The topic of this article is about electric small planes aka general aviation. In this regard, a LH2-FC propulsion system will prove to be far more efficient with regard to range and payload. An H2-FC powered quadcopter can fly 2-4 times longer than a battered-powered quad-copter, and ditto for H2-FC powered industrial forklifts, and the industry is gravitating toward H2-FC-powered large equipment for the same reason. Nikola Motor is choosing LH2-FC for propulsion of its electric semitruck, even though the truck also sport a humongous 320-kWh battery pack as power buffer.

Please regard battery as being analogous to RAM in a PC while H2 is the Hard Drive Memory that is much cheaper and can be packed in much large amount.

For commercial aviation, why not aim higher and work on Hypersonic planes, Powered by LH2 and ScramJet engine that can travel from NY to Tokyo in 2 hours? The LH2 will be circulating through the skin surface of the place to absorb heat before being burned off in the ScramJet engine. Everything else will be obsolete. For shorter range, there will be Fast Electric trains and Hyperloop.

Please kindly forget about Li-ion battery for aviation and kindly regard LH2 as the new fuel for the dawn of Renewable-Energy and Zero-Emission Aviation. The ultra-lightweight of LH2 is the biggest asset that any aerospace engineer would kill to obtain. Tremendous weight reduction will lead to unprecedented level of efficiency.

The LH2-FC can be regarded as a much, much lighter battery and much higher energy density than Li-ion can ever attain.


Many interesting considerations and prototype history on wiki.

Cryogenic LH2 would seem a good fit for aircraft as similar to rocket launch scenario the fuel will be consumed rapidly on takeoff.

If fuelcell is considered then auxillary battery; capacitor etc can be pre charged(plug in).

Being an alternative to traditional jet fuel, hydrogen has a higher energy density per unit mass but a lower energy density per unit volume, and containing the hydrogen at high pressure would require a heavy container. In aircraft heavy containers are not an option, and therefore regular carbon fibre tanks are often used, which can only sustain a pressure of about 350 bar. This is significantly lower compared to steel hydrogen containers (used in cars and ships) which can sustain 500 to 700 bar. This limitation decreases the amount of energy that can be spent on the propulsion by about half.[4] Alternatively, as with some rockets, cryogenic liquid hydrogen could be employed.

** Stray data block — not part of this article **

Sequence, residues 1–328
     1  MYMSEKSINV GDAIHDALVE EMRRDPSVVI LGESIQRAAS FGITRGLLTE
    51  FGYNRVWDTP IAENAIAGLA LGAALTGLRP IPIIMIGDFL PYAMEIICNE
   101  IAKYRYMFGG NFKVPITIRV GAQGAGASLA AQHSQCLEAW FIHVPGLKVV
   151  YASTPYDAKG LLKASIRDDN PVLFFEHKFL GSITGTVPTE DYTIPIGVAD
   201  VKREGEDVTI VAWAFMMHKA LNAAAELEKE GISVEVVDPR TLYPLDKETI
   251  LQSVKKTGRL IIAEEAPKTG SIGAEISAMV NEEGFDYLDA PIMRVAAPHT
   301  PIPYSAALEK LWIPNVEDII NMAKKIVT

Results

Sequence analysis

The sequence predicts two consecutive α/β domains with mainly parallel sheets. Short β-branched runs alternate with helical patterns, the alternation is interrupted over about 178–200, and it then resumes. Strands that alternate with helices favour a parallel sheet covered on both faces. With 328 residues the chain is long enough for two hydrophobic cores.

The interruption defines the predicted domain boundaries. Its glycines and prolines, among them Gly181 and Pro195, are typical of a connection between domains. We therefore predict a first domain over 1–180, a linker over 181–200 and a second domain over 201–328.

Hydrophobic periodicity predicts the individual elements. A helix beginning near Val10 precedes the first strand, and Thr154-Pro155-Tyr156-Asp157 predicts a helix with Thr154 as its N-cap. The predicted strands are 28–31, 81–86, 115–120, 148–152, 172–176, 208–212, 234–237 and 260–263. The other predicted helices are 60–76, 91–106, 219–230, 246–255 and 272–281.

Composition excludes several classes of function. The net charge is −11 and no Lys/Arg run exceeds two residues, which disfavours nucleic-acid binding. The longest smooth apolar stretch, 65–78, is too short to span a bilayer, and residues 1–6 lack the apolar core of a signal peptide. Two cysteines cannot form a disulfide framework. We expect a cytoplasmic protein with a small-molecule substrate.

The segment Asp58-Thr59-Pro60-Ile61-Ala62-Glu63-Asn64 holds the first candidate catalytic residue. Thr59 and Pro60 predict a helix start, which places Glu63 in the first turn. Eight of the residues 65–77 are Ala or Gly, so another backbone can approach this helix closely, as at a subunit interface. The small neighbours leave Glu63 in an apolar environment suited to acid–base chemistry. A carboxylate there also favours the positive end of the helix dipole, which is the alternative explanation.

Another consideration would be fuel delivery to the airport. Maps show many airports, especially larger ones, have multiple underground pipelines servicing mind boggling demand.

I presume similar pipes will be an essential part of the mandated hydrogen economy scenario.


Short range supersonic makes no sense due to the amount of time it takes to get through security lines, you may as well fly subsonic. If it takes 30 minutes to get to the a/p, 90 minutes to get through the a/p, it makes little difference if you can fly 1000 miles in 1 or 2 hours.
+ You probably won;t be allowed fly supersonic over land.

Over ocean supersonic may have a future - as a business class aircraft; but I think "normal" people can be persuaded to fly at M0.84 if they have enough films to watch.

Short-medium range hybrid electric has a future, and maybe battery club flying, if the capital cost is not too high.


Here are some electric aircraft about to fly ...

The 350 w/m^2 solar cells look like a breakthrough, as long as they are affordable, but i would expect multijunction solar cells to be expensive.
Also, they are using 18650 batteries, so you could expect an improvement with the 2170 cells when they become available.


As batteries evolve from about 300 Wh/Kg to 600 Wh/Kg and again to 1000/1200 Wh/Kg and e-motors evolve fro 5 HP/Kg to 10 HP/Kg e-planes will b mass produced.

Ultra quick charging facilities (20/25 minutes or less) may still be a challenge but will soon be solved.

Hybrid e-planes with FC as range extenders may be a worthwhile alternative?